Allison's Book Bag

Kit’s Wilderness by David Almond

Posted on: October 26, 2013

It’s been a long time since I have read a book as unique in plot and style as Kit’s Wilderness by David Almond. The story is set in an old mining town, where many stories abound about those who were trapped during cave-ins and other disasters. The theme revolves around memories, those which Kit is told by his grandfather, and those which help Kit’s grandfather hold onto the present in his old age. Kit’s Wilderness is a beautifully-woven tale which deservedly won the Michael Printz award for literary excellence.

Kit’s Wilderness is hard to classify, beyond calling it realistic fiction. It doesn’t fit neatly into my round-up of fiction starring misfits and troubled kids, in that the only misfit/troubled kids are two of the secondary character. One of these is a troubled kid named John (but goes by Askew) who creates an invitation-only game called Death. A knife serves as a spinner, and the selected kid has to enter an abandoned den (a deep hole dug into the earth with a door at its mouth)–or else. When the school discovers the game, the den is filled in and Askew is expelled from school. That means that he has to stay home with his alcoholic and abusive father. One day he runs away and tries to drag along the main character, Kit. Askew doesn’t seem to fear death, perhaps because of his father or perhaps because members of his family have worked and died in the mines. There’s also a misfit kid named Allie. She calls herself a bad kid but it’s really more of a role than reality, as she reveals in her explanation about why she likes the theater: “Who’s Allie Keenan? This almost-nice one or this truly bad one? It’s like magic. I don’t have to be me. The world doesn’t just have to be the way it is. You can change it….” Allie enjoys attention, feels at home on the stage, and revels in the part of the ice girl in a school play. She also takes a shine to the main character, Kit.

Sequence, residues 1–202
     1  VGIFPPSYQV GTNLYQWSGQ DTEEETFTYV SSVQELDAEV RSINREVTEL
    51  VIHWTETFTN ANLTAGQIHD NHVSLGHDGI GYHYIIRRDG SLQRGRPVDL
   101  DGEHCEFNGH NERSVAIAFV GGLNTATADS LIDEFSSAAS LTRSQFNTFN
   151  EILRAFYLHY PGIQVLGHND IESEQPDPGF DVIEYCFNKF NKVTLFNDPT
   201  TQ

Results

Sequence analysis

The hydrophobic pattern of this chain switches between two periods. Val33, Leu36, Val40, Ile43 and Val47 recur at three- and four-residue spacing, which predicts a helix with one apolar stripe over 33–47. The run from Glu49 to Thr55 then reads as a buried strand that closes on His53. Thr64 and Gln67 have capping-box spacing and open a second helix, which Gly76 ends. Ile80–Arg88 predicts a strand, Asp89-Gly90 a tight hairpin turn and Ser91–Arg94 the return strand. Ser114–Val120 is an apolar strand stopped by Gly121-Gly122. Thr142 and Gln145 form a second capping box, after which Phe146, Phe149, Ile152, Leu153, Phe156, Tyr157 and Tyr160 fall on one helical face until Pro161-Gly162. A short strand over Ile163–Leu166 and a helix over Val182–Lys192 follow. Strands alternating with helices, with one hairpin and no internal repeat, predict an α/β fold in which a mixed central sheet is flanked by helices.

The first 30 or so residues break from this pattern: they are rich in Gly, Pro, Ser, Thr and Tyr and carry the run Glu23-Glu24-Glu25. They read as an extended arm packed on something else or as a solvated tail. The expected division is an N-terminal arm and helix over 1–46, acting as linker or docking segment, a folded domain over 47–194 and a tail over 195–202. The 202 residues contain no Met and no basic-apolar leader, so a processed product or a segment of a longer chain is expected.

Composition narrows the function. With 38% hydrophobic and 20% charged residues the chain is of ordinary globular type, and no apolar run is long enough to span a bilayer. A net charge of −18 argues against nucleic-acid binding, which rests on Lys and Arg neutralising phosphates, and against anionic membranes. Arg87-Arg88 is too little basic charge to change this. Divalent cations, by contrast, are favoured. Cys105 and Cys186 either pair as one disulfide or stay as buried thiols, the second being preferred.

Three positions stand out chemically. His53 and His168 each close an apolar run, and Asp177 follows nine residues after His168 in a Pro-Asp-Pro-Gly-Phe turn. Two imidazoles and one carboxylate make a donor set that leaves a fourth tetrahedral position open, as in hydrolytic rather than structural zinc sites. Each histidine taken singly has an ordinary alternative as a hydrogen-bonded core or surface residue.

Kit and his family have recently moved to the neighborhood to care for Kit’s grandfather. Kit is troubled only in the sense that many of us are, in that he’s haunted by the changes happening to someone he loves. Kit and his grandfather share a bond through stories. His grandfather tells him ones of the old mining town and Kit then writes them down and shares them at school. Through these stories, Kit earns admiration from both his teachers and his peers. He also attracts the attention of Askew, who invites him to play his game of Death because the two can see into the spiritual world. When taking his turn in the abandoned den, Kit begins to see faces of those from the olden days. Even when the game is shut down, Kit continues to be visited by deceased children from the town as well as characters from his stories (which he creates to make sense of a too-quickly-changing world). Kit isn’t mentally ill, but rather there’s a mystical aspect to his life. Nor is Kit’s Wilderness about the supernatural. Instead, Almond connects this spiritual element to the theme of memories, because eventually Kit’s grandfather must learn to sort through his past and his present (and figure out which is which) to stay grounded in reality. As part of this process, Kit’s grandfather also has his own glimpses of the dead.

In an interview with Teaching Books, Almond admits that when writing Kit’s Wilderness he felt perhaps it was a bit too dark to write and maybe a bit too difficult for young readers. Indeed, death is an intense subject, but Almond masterfully handles it with many overlapping subplots involving Kit, Askew, Allie, and Kit’s grandfather. Almond’s reflective style hails back to the old classics, which was refreshing to me, but consequently the writing is more literary and will require a greater time commitment from readers. I am certain a reread of Kit’s Wilderness is in my future, as I suspect it will feel richer each time it’s read.

My rating? Bag it: Carry it with you. Make it a top priority to read.

How would you rate this book?


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I am focusing this year on other commitments. Once a month, I’ll post reviews of Advanced Reader Copies. Titles will include: Freddy Frogcaster and the Flash Flood by Janice Dean, One Two by Igor Eliseev, Incredible Magic of Being by Kathyrn Erskine, Dragon Grammar Book by Diane Robinson, and Wide as the Wind by Edward Stanton.



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